The Essential Primer for Changing Your Diet

Few efforts can transform your health more than improving your diet. We’ve all heard the food as fuel comparison, but do we think about how diet really impacts our everyday lives? A healthy diet yields vitality.

Nourishing food choices offer consistent, steady energy throughout the day and help maintain a balanced mood and focus. A healthy diet can help reduce our risk for diseases like cancer and heart disease as well as chronic conditions like high blood pressure, diabetes and diverticulosis. When we transform our diet, we literally change our lives. We reclaim vigor in our daily experience and ultimately reroute the trajectory of our long term health.

Making this transformation, however, is often easier said than done. When it comes to changing your diet, how can you maximize your chance for success?

  • § Visualize your purpose.

Although our rational minds know the scientific facts of why we should prioritize healthy eating, daily stresses lead us to make less than rational decisions. Expand your sense of purpose beyond the theoretical. Make it personal. Are you pursuing this change because of a recent health scare or a family history of heart disease? Are your children and grandchildren at the heart of your commitment? Make your motivation manifest with an actual visual representation, and slap it on the fridge. What would be the most dramatic or meaningful reminder for you? A photo? A lab test result?

  • § Define–and track– your goals.

Consider what you are hoping to accomplish and define the healthy eating changes you want to make. Do you want to cut out processed foods and add more fruits and vegetables? Do you need to reduce your sugar intake?  Talk with your doctor about how dietary changes can impact any current health conditions.  Set specific, quantifiable and realistic goals, 1-2 at a time, and track your progress toward meeting them in writing.  Focus on behavior changes that you can control and monitor (like eating 2 pieces of fruit per day, or exercising for 30 minutes 50 days per week), rather than outcomes (like losing 2 pounds per week) which are more difficult to hold yourself accountable for.  Start small, and don’t take on more new goals until you’ve comfortably turned the previous ones into habits.

  • § Review your relationship to food.

Our eating habits often reflect deeper motivations than simple taste preferences. Food becomes loaded with emotional associations and cultural values. Be prepared to do the emotional work of uncovering these layers. Talk to a professional if you feel it would be beneficial.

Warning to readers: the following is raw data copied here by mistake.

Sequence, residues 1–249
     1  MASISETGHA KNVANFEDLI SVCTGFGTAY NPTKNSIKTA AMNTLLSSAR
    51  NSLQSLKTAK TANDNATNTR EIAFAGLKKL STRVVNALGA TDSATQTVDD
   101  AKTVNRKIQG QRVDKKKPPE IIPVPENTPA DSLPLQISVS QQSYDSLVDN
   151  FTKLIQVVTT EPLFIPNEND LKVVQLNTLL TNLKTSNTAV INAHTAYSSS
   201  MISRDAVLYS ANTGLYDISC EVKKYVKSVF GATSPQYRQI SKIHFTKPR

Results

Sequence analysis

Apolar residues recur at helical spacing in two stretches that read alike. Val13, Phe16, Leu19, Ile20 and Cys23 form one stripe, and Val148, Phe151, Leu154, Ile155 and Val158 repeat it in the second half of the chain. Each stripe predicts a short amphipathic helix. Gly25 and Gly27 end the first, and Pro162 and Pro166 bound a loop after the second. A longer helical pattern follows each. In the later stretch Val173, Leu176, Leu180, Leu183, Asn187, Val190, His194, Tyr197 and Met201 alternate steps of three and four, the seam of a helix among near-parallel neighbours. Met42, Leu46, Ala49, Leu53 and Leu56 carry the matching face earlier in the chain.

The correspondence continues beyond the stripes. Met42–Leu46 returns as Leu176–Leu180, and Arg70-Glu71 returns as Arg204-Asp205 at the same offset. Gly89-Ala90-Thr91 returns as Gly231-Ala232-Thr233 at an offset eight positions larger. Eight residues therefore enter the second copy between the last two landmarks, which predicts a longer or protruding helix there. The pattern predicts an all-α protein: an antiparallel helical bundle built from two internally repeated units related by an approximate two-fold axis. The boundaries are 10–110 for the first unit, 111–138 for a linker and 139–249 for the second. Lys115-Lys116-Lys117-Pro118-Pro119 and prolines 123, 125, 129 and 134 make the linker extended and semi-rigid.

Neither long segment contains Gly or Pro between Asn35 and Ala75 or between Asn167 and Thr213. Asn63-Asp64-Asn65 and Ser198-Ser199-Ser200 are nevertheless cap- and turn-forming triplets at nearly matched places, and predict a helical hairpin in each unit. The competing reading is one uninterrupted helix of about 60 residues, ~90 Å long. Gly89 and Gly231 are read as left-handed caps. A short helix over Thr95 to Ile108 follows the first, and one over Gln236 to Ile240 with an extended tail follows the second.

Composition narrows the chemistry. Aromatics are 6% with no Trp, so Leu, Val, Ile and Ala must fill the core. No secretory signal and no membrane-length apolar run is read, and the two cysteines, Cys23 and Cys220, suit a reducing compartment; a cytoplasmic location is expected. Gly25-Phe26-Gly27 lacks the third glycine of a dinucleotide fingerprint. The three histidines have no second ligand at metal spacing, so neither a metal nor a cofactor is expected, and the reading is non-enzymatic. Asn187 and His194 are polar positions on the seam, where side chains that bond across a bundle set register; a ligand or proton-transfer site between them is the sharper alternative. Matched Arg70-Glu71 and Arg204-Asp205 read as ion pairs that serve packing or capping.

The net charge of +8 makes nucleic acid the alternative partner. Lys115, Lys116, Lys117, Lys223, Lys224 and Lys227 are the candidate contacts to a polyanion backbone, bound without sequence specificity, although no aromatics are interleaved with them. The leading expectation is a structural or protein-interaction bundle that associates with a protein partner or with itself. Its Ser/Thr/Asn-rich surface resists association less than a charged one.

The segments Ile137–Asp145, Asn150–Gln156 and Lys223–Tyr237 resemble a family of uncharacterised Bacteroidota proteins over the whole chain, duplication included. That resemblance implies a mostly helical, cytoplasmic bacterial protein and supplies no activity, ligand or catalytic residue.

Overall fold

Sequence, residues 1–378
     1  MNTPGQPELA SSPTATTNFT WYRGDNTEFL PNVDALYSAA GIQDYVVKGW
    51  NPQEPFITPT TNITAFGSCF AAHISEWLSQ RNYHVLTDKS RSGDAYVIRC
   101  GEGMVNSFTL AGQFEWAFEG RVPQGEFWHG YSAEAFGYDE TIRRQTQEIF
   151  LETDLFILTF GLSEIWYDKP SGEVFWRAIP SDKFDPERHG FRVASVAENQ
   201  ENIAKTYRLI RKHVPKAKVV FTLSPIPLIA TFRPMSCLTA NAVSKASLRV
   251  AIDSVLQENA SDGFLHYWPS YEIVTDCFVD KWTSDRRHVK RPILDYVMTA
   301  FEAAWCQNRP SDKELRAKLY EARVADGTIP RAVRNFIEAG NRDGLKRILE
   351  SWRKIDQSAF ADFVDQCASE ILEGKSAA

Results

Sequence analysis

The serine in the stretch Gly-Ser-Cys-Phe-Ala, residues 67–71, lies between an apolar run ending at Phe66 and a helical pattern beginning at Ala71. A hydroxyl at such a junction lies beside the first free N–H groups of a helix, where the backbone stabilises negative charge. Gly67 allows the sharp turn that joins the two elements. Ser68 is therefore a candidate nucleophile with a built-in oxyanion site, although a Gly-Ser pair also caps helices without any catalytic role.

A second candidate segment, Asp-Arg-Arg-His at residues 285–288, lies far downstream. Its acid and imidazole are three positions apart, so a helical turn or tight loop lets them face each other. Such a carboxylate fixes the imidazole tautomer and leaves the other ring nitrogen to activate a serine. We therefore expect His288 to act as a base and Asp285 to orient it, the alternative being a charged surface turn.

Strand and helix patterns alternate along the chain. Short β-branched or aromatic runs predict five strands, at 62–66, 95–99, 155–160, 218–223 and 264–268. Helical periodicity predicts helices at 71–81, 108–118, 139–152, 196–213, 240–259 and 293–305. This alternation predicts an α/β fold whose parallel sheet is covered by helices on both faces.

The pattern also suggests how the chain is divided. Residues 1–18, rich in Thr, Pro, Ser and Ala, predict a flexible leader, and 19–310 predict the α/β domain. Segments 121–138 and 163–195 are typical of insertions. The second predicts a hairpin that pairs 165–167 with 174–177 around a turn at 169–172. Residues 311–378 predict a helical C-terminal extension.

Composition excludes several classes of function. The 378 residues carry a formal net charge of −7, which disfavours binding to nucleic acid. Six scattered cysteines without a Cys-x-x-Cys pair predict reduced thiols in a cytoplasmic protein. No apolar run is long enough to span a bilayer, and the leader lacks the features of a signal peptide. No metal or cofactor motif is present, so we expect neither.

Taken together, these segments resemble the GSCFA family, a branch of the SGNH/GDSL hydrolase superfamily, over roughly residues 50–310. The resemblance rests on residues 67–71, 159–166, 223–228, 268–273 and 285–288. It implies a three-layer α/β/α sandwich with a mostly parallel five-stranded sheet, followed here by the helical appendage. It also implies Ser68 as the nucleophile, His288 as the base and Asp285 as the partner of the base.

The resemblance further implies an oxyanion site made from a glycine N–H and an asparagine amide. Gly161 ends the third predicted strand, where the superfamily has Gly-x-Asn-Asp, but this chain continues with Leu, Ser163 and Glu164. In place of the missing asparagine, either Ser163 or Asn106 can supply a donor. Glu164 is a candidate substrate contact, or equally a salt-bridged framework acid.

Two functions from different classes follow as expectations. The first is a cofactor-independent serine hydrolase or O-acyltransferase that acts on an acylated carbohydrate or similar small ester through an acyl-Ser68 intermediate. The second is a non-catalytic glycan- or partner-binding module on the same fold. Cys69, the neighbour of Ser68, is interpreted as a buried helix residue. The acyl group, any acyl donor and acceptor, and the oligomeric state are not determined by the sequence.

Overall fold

• § Lay out specifics

While the changes you envision may seem straightforward enough, best intentions can quickly become casualties in the busy reality of daily life. Consider what potential obstacles you might face in achieving your goals, and plan ahead to anticipate these issues and prepare yourself for overcoming them.  If eating out less is a goal, for example, one way to translate this into action would be to create a weekly menu plan for yourself every Sunday, and schedule a regular time to stock your cupboards with the foods you’ll need to succeed. (After all, if you don’t have healthy foods on hand, how can you eat them?)  Menus in particular allow you to lay out exactly how you’ll meet your goals (e.g. incorporating more fruits and vegetables) in a given day.

  • § Strategize for potential stumbling blocks.

At home you more or less have full control over your meals, but what about work lunches, dinners with extended family, or Friday night drinks with friends? Remaking your diet might mean tweaking aspects of your social life. While you don’t have to nix customary get-togethers, you may need to approach them differently by choosing other restaurants, eating beforehand or bringing your own food.  Before eating out, check out the restaurant’s menu online and decide what you’re going to order.  Before a party, decide in advance how many drinks you’re going to have, and switch to sparkling water with lime once you’ve hit your limit.  Don’t arrive at dinner or a party starving, or you’re likely to overeat.  Instead, have an apple or handful of nuts an hour before you go to take the edge off your ravenous appetite and help you better control your food choices.

  • § Seek out support.

Although you fully own the changes you’re making, calling up the enthusiasm of a few supportive friends or family members can help keep you motivated and on track. Online groups offer a community for encouragement as well as success tips. Finally, keeping a progress journal along the way can give you heartening reminders of how far you’ve come in your healthy eating journey.

Whatever your goals are, value each step of conscious planning and each healthy food choice. Check out and Your Personal Nutritional Guide for additional tools and suggestions. Your efforts will be a rewarding investment in your life and well-being.




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